4 Answer D. Left atrial appendage thrombus is most often associated with atrial fibrillation. While LA thrombus can occur with lung cancer invasion, it usually will occur via pulmonary vein extension and not occur at the tip of left atrial appendage. Thrombus can also occur in setting of wall motion abnormality (postinfarct, mitral valve replacement). While hypercoagulable states can predispose one to thromboembolic disease, it is not the most often cause of LAA thrombus.

Reference: Romero J, Husain SA, Kelesidis I, et al. Detection of left atrial appendage thrombus by cardiac computed tomography in patients “with atrial fibrillation: a meta-analysis. Circ Cardiovasc Imaging 2013;6(2):185-194. doi: 10.1161/CIRCIMAGING.112.000153. Epub 2013 Feb 13. Review. PubMed PMID: 23406625.



5 This mass is most likely due to





image



A. Thrombus


B. Metastasis


C. Myxoma


D. Infection


E. Lymphoma

View Answer

5 Answer B. While the most common type of mass in the heart is thrombus, in this case, there is evidence for metastatic disease (see liver lesions). This patient had hepatocellular carcinoma (HCC) with tumor invasion via the hepatic veins to the right atrium. Other tumors besides HCC with direct invasion to the right atrium include renal cell carcinoma and IVC sarcoma. Myxoma is within the differential and can be in the right atrium, but the liver lesions here make it more likely that this is a metastatic tumor. Endocarditis can cause masses in the valves, but they tend not to be this large. Lymphoma could also cause a mass in the heart but is not the best answer in this case given the liver findings.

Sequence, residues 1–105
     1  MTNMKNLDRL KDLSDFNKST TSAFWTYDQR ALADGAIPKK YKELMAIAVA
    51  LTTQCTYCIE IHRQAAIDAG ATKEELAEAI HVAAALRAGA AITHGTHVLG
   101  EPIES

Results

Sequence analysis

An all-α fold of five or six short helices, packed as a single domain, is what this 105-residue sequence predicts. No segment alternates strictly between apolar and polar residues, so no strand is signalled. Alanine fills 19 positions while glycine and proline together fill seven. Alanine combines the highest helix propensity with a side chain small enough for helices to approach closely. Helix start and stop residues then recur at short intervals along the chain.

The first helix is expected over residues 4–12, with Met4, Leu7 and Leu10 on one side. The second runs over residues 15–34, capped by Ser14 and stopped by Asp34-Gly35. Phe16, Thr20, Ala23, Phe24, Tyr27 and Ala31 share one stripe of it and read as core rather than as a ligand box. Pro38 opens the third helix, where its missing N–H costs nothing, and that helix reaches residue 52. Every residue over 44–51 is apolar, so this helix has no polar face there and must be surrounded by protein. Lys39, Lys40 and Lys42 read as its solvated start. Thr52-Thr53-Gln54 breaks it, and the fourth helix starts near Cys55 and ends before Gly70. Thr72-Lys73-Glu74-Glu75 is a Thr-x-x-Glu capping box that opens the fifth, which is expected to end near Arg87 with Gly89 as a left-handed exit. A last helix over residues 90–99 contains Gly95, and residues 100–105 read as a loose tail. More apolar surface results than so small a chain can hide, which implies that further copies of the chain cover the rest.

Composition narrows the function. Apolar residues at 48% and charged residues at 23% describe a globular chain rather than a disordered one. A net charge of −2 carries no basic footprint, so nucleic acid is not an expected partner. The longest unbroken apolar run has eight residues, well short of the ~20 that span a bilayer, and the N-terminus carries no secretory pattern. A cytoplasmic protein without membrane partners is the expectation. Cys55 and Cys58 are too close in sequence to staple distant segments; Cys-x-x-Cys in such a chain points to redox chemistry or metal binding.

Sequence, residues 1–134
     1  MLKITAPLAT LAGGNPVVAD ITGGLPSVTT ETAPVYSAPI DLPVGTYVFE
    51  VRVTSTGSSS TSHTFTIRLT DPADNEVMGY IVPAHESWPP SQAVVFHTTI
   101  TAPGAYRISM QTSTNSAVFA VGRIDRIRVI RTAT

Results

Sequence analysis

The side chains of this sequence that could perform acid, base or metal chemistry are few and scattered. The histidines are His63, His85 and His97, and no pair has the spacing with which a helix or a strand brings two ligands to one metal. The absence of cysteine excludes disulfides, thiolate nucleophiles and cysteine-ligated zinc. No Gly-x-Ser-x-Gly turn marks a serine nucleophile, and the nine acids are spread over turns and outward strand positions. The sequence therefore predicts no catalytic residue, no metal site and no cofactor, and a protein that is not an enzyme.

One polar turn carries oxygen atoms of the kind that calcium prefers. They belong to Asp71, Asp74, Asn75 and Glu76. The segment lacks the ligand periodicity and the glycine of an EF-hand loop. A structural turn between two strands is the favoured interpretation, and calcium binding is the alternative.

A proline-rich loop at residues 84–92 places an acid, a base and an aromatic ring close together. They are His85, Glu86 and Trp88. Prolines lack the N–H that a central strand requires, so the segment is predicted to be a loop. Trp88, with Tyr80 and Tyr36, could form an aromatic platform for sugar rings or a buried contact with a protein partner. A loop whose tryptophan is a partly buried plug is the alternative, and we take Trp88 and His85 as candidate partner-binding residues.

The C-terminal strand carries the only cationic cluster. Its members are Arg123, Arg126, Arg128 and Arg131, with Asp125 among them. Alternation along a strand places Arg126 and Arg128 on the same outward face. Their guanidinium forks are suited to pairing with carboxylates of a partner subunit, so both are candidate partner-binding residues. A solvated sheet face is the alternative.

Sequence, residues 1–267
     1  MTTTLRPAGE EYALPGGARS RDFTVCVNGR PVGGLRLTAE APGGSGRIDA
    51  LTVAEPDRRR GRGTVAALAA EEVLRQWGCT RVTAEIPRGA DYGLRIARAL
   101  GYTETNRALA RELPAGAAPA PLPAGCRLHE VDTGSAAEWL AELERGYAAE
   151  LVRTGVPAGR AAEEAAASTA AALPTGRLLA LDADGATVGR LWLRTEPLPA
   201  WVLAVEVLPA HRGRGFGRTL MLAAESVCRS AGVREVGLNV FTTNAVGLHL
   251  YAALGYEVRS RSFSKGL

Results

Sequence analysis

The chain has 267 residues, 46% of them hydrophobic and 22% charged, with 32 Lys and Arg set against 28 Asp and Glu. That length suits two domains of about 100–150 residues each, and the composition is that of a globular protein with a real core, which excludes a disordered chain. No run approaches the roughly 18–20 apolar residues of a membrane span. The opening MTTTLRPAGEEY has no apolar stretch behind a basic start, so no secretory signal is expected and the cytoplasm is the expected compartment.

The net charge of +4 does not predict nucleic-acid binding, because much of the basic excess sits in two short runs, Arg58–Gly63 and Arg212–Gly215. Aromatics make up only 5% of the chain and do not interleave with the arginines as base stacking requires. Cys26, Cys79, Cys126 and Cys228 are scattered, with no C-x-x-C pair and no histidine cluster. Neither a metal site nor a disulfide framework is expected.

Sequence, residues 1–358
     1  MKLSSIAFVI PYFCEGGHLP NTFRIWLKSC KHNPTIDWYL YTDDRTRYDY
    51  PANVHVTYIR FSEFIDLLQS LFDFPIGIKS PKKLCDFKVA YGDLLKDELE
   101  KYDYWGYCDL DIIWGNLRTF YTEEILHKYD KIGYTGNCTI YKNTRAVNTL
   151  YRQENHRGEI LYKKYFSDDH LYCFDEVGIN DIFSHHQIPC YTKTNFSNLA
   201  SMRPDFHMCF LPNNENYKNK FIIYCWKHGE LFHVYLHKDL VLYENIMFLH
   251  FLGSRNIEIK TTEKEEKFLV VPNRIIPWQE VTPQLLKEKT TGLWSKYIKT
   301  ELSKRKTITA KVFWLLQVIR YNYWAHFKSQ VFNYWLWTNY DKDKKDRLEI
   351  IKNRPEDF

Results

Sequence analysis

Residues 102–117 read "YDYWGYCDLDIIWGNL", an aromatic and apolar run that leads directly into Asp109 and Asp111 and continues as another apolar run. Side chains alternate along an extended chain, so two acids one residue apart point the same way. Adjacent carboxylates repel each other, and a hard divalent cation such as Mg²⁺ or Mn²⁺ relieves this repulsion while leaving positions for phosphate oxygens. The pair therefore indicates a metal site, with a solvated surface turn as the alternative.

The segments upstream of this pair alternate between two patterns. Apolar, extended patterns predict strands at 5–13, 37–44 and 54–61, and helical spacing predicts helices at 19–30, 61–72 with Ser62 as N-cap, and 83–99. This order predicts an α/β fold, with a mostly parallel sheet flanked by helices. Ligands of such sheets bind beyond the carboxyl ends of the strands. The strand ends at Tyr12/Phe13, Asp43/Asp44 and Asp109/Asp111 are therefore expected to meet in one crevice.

References: Grebenc ML, Rosado de Christenson ML, Burke AP, et al. Primary cardiac and pericardial neoplasms: radiologic-pathologic correlation. Radiographics 2000;20(4):1073-1103; quiz 1110-1111, 1112. Review. PubMed PMID: 10903697.

Sparrow PJ, Kurian JB, Jones TR, et al. MR imaging of cardiac tumors. Radiographics 2005;25(5):1255-1276. Review. PubMed PMID: 16160110.




6 A 74-year-old male with a history of smoking and CAD. What is the best next step?





image



A. Catheter angiography


B. Biopsy


C. Surgical resection


D. CABG


E. Medical treatment/chemotherapy

View Answer

6 Answer E. This is a patient with metastatic lung cancer with likely vascular invasion (the mass appears to involve the aorta). The patient is already post-CABG (see sternotomy wires and bypass grafts). Saphenous graft aneurysm is also in the differential. However, note the heterogeneous enhancement of mass and irregular border, which would be more supportive of a mass such as lung cancer. Given that this is metastatic disease with likely vascular invasion, surgical intervention would not be indicated. While biopsy is a valid choice, if the differential includes saphenous aneurysm, then biopsy would not be a wise choice.